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May 25, 2024


Investment information for the new generation


EV stocks set to ring in the new age – another sector roundup

Meme-loving, GME-stock-holding, literal-minded WSB neo-libertarians were only able to put together enough brain cells to shout one name when it came to the EV sector. As a result of this idiocy and cheap money from the Fed, Musk’s market malignancy now trades at 23 times earnings and 314 times profit. In the face of this egregious inequity, moronic analysts with skin and reputation at stake are still somehow seeking to justify a ridiculous P/E ratio of 100 to 1 for the second-rate EV manufacturer.

Cozying up to the CCP and petulantly mocking competitors for production rates because of a record quarter of deliveries, Tesla continues to have serious systemic issues, most recently illustrated by recalling almost half of its manufactured product due to dangerous assembly errors.

Not a pure EV play as popularly classified, Musk’s chauvinistically puerile corporate culture has spread the company thin, using social media manipulation to power an extensive array of unsuccessful side segments and outside ventures. Now that traditional automakers are coming up to the EV plate with production logistics already in hand, the landscape is about to change. Here are some of the players who may play a part in it:

investing in green energy - fisker

Fisker (FSR)

Henrik Fisker wrote to shareholders on January 2, 2022, with a state of the union for the EV manufacturer. He mentioned that the company had grown from 101 employees to 327 employees and looked to bring four vehicles to market by 2025.

Having made major deals with CATL to support the production of the flagship Ocean EV SUV, the company stated it had established a ramp up plan that would see 5,000 units manufactured per month during 2023.

Starting at a comparatively meager $37,499 USD, the Ocean EV SUV has caught the attention of consumers with Fisker reporting 23,500 reservations (including 1,400 fleet reservations) for the Ocean as of January 2, 2022. That’s over $840 million of potential revenue if only the base model was sold, but that revenue potential could top $1.0 billion as more luxurious versions of the Ocean cost up to $68,999 each.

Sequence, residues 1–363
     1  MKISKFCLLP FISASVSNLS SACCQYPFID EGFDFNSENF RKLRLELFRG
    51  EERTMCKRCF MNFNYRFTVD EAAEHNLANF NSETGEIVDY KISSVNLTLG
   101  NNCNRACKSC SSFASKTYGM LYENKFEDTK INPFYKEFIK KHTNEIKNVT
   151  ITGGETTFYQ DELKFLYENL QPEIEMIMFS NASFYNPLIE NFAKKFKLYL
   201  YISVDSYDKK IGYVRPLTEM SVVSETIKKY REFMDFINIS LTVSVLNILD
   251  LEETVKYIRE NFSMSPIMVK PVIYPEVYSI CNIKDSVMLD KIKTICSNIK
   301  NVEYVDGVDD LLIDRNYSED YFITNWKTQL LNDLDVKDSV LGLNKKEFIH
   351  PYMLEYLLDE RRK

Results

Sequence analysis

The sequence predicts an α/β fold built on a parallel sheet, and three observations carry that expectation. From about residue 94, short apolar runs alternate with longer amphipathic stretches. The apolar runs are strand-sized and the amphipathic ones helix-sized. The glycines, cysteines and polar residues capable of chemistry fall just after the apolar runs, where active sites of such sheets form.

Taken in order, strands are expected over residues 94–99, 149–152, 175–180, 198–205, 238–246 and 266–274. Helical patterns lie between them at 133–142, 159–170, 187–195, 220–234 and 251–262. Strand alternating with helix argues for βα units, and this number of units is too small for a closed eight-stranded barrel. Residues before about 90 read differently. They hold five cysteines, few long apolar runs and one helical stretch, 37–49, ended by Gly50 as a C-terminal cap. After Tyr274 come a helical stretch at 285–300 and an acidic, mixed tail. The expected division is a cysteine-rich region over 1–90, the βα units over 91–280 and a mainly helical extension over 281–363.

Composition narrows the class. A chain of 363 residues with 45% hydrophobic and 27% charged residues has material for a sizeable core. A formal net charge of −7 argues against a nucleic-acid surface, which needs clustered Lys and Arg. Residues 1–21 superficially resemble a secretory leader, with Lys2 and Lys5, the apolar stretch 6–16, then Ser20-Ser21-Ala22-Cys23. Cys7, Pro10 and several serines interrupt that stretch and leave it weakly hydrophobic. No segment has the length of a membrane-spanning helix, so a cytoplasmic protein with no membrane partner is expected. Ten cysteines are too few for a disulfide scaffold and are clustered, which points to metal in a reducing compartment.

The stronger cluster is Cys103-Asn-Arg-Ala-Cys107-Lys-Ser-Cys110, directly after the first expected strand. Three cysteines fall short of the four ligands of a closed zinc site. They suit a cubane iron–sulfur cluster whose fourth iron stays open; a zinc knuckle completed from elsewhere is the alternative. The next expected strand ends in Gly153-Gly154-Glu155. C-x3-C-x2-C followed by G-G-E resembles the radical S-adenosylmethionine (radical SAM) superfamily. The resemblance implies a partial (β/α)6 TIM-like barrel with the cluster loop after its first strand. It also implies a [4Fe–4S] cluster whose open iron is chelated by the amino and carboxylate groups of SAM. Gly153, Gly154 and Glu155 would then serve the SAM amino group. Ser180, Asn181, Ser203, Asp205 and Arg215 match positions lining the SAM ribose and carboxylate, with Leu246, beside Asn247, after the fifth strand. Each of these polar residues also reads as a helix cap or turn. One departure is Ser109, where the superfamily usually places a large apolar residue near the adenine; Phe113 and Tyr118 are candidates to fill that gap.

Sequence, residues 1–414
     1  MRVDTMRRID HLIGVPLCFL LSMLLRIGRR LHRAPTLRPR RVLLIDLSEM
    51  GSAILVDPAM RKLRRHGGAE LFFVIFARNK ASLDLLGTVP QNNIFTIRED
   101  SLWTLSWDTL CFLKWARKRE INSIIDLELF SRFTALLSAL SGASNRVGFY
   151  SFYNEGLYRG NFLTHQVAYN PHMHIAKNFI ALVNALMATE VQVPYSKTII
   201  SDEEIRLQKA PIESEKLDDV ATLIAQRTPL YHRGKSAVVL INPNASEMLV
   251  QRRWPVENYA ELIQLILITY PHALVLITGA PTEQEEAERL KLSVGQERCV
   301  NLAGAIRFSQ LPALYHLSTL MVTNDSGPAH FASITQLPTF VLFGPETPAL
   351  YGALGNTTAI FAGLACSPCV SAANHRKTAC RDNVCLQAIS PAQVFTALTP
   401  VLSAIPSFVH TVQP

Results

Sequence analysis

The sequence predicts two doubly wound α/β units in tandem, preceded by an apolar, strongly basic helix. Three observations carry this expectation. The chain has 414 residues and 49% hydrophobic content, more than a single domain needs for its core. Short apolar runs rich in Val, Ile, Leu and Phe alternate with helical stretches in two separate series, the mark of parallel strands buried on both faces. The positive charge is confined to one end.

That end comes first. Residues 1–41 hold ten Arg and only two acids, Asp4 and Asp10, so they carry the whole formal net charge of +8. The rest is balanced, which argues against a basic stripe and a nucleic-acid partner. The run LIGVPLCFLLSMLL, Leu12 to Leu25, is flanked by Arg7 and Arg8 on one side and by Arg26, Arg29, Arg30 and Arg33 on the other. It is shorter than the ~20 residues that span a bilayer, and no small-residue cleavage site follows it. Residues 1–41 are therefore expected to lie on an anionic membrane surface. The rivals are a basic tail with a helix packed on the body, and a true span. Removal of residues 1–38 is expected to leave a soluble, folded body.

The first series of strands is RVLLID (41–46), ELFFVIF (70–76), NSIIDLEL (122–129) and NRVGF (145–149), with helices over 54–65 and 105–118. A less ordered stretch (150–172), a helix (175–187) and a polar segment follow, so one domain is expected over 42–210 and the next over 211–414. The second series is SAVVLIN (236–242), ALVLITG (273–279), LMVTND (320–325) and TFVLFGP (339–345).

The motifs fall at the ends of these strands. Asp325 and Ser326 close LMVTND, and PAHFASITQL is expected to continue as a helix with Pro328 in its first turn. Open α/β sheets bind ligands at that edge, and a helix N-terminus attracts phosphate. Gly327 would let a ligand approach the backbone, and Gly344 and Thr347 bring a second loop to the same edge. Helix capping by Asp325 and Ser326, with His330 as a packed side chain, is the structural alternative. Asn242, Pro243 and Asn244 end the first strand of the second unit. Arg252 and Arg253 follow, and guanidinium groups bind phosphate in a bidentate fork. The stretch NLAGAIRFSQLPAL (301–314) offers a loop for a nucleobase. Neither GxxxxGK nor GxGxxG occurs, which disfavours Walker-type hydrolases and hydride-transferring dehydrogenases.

Marketplace take up is snowballing with reservations increasing 117% over 2021 and 26% over the last two months. With $1.19 billion in cash, the company shows some strength on its balance sheet and the public market is beginning to respond with Fisker, unlike many EV manufacturers, climbing 8.33% on the boards in the last 12 months.

Announcing the world’s first digital radar in a production vehicle on Wednesday, Fisker is priming itself for an enthusiastic debut. However, the proof of the pudding won’t become readily apparent until the company commences production in November this year.

I’ve been following this company for a while and even though it hasn’t out-and-out thrilled me, it remains a credible contender in the EV space. Currently the company trades at $16.54 per share for a relatively modest market cap of $4.88 billion.

EV investing in green energy

Green Power Motor Company (GPV.V)

The market hasn’t treated GPV very well over the last year with SP falling 74.70%, but I think there is a disconnect between investors’ perceptions and company performance. GPV is making small but real inroads into the sector as a provider of commercial EV vehicles for delivery, public transit, schools, vanpools, micro-transit, shuttles, etc.

The company already made two delivery announcements this year and we are less than a week into it. The first delivery was four EV Star Cab and chassis to TCI Trucks, a national transportation solution provider in the US. The second was six GreenPower BEAST school buses to the Thermalito Union Elementary School District in Butte County, California. The Thermalito delivery was the company’s single largest to date.

I’ve always said GPV is a tight run financial venture with little debt, but it has challenges in terms of subsidized sales structures and a high entry barrier to the transit space. That said, management has deep connections to the industry and long-standing sector relationships. What is small now, has every possibility of growing. It will be interesting to see how sales perform over the next six months. Hopefully, EV market investors will take better note of GPV and keep it on their collective radar.

Currently the company trades at $10.05 CAD per share for a market cap of $222.04 million.

Lucid EV investing in green energy

Lucid Group (LCID.Q)

Lucid Group is a conflicted pick for me as the company suffers from the same enterprise value illness that Tesla infects the market with. It isn’t as insane but is way out of proportion to what the company is doing and will be able to do in the future. However, I like the car. Its design is smart, sleek, and assembled with more prowess than Tesla’s drunkenly cavalier approach to bloating production numbers.

Remember, Musk must bring back up to 475,000 vehicles to be personally inspected to ensure the hood doesn’t fly up while you’re driving down the highway, of course, if you are a typical elitist Tesla owner, you’re probably reading a book or sleeping in the back seat and wouldn’t notice until you slam into the ass end of an emergency vehicle. But back to Lucid…

Lucid had some love in November that sent share price north and after settling in the new year post a December equity raise is still up 281.06% since January 2021. The company earned the distinction of beating the pants off Tesla when it came to range with its Lucid Air Dream Edition. The Air has visual appeal and doesn’t suffer from faulty ego-driven ‘advances’ like recessed door handles.